SSi Forum

Tiny questions with quick answers - continuing thread


aaaa Dwi’n deall nawr!

(quick little question … can I use “Wela i” to mean “I understand (Oh I see!)” - a book told me it was a good phrase for “I see what you mean”
… because I use it - ar y stryd - and can never tell if people are quietly thinking GWALL/ERROR! :smiley:


Hi everyone. What a brilliant thread!

I came across this written online today: ‘Dw i’n meddwl dy fod yn meddwl “dyma” a nid “gyda”.’

  1. Is that: ‘I think that you mean “dyma” and not “gyda”’?
  2. Is it the same as saying ‘dw i’n meddwl bo’ ti’n meddwl …’, and perhaps more appropriate in written Welsh, or is it something different altogether?

Cheers, --Antony


“bo’ ti” is quick slangy spoken Welsh heard in speech.

Dy fod di - that you
Ei fod o/e - that he
Ei bod hi - that she
Eich bod chi - that you plural/posh
Eu bod nhw - that they
Ein bod ni - that we

notice bod -> fod due to mutation reasons (eich never causes mutation but dy always does etc)…but please dont get hung up on that…just accept them as part of learning stuff…

Bod - to be (Im thinking be you thinking - sounds weird in English lol)


yup. Perfectly fine :slight_smile: .You can also use “dwi’n gweld”.


Right, yes, I hear ‘bo’ ti’ in songs a lot. Anyway that’s awesome, just what I needed to know. :slight_smile: Thanks!


That’s good, cause this is more similar to the Italian equivalent.

I haven’t really understood how dim doesn’t mean no/zero?
(In Italy we call numbers with zero Arabic as opposed to Roman. And I had never looked up the origin of the word niente, nulla…and it looks like it is a negation of existence of something)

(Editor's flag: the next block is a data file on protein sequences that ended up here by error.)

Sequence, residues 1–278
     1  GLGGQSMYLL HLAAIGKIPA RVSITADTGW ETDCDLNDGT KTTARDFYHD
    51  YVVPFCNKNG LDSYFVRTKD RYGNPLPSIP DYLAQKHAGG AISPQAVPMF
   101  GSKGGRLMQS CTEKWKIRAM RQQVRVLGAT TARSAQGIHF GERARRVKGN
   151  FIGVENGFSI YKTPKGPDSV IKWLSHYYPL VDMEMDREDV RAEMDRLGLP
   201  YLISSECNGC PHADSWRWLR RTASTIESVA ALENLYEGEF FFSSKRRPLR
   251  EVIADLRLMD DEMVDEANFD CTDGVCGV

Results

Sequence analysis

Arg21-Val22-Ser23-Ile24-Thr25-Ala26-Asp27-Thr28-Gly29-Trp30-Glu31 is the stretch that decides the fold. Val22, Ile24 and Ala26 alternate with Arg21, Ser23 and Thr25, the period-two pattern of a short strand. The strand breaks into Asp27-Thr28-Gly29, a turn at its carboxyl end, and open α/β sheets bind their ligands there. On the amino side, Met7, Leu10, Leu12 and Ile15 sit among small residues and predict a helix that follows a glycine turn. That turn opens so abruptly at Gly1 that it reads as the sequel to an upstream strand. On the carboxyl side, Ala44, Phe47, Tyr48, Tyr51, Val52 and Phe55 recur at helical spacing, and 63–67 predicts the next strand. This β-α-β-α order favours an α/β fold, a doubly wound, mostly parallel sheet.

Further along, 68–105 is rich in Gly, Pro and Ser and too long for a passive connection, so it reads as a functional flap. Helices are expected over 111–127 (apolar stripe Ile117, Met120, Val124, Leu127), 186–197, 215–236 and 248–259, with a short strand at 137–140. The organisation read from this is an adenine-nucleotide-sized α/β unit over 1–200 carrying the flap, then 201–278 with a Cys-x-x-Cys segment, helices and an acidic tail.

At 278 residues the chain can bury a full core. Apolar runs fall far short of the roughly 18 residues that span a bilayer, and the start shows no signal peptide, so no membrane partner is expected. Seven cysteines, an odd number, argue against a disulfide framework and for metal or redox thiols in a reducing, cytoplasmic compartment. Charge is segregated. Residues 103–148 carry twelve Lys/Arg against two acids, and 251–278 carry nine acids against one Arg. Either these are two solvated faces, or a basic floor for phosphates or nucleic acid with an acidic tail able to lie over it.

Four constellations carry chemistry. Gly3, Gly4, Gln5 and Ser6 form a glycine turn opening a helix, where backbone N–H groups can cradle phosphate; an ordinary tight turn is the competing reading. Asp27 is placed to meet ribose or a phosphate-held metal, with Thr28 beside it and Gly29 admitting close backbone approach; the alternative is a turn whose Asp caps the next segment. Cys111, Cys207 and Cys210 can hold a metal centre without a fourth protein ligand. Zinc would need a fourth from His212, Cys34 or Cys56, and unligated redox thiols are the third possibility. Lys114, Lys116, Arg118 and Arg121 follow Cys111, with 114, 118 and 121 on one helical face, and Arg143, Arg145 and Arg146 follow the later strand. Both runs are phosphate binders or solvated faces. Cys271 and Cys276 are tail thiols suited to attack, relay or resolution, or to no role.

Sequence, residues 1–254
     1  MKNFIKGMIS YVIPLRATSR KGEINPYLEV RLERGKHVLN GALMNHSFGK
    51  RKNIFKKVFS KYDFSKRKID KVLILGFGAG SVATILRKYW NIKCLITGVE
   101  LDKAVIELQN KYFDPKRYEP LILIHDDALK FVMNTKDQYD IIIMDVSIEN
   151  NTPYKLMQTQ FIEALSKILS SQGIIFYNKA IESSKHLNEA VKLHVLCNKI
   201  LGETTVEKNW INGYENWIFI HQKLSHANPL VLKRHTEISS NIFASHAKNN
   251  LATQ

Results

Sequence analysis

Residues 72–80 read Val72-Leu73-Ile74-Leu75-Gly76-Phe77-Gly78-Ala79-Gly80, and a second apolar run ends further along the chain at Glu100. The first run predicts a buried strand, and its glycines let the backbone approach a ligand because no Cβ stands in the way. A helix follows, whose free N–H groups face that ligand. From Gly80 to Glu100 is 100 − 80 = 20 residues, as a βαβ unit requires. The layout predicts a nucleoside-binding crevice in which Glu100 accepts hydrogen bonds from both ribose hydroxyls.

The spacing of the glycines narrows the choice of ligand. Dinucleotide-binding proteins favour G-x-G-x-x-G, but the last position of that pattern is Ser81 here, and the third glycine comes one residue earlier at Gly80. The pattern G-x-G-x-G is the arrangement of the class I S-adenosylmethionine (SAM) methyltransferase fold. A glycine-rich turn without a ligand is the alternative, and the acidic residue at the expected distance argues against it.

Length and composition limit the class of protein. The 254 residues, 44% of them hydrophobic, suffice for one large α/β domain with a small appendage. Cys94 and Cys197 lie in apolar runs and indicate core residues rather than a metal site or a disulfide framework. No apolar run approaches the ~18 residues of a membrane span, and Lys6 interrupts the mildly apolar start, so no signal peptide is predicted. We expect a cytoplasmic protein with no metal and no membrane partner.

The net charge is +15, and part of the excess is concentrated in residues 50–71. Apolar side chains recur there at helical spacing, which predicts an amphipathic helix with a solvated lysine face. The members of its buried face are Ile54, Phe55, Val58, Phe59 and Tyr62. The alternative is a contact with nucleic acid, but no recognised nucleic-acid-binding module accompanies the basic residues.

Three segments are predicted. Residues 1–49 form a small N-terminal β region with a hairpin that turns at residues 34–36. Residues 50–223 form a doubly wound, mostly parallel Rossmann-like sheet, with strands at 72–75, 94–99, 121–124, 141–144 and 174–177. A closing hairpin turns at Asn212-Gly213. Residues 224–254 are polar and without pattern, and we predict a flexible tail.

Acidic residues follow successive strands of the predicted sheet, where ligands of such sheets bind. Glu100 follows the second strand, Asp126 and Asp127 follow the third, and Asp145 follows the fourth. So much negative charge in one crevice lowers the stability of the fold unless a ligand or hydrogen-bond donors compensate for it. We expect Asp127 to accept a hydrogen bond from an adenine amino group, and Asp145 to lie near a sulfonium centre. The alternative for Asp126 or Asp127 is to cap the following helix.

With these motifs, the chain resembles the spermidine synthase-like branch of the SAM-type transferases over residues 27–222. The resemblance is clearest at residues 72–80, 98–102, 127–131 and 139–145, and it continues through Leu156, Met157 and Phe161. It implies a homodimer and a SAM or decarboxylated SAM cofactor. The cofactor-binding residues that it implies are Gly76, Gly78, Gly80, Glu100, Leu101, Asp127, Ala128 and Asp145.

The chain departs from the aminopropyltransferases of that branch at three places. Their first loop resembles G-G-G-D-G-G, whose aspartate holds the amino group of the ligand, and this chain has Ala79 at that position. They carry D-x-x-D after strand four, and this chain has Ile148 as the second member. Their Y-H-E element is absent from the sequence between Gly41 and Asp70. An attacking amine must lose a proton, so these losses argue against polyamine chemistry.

dim does mean nothing/no/any/none/zero.


Oh well, then I suppose I didn’t understand what @brynle meant, but in any case it was more of an abstract speculation, I guess.


It could be a ‘sounds proper’ thing with English -
In English, we’d say “I don’t know anything about it” because “I don’t know nothing about it” is a double-negative and sounds wrong. In Welsh, we do have double negatives which are perfectly acceptable, so we can say “Dwi’m (dw I ddim) yn gwbod dim byd amdani”

Other 'dim’s -
Does dim ar ôl - there is none left
01286 - dim un dau wyth chwech
Dim ysmygu - no smoking
Nid dim un - not any


The concept of zero was not always in human language.

Dim was traditionally in the far past not a direct translation of ‘no’ … I was reading this in a history of the Welsh language. Dont worry about it, not relevant to 2019 Welsh - just interested me. Sorry for confusion


I appreciate your helping me. :wink:


Words easily shift between meaning ‘anything’ ‘something’ and ‘nothing’. If I ask “Did you see something?” or “Did you see anything?” or “Didn’t you see anything?” they all mean pretty much the same thing – even the negative question will find out whether or not you saw anything.

If you didn’t, you could answer:
No, I didn’t see anything.
No, I saw nothing.

But in Italian, and Spanish, Old English, and colloquial modern English, you could also say:
No, I didn’t see nothing.

So dim used to mean ‘anything’ (and still does, in certain phrases); but from being used in negative sentences like “I didn’t see anything”, it kind of shifts to usually mean ‘nothing’. ‘Rien’ in French has done the same – more here and in the replies to it.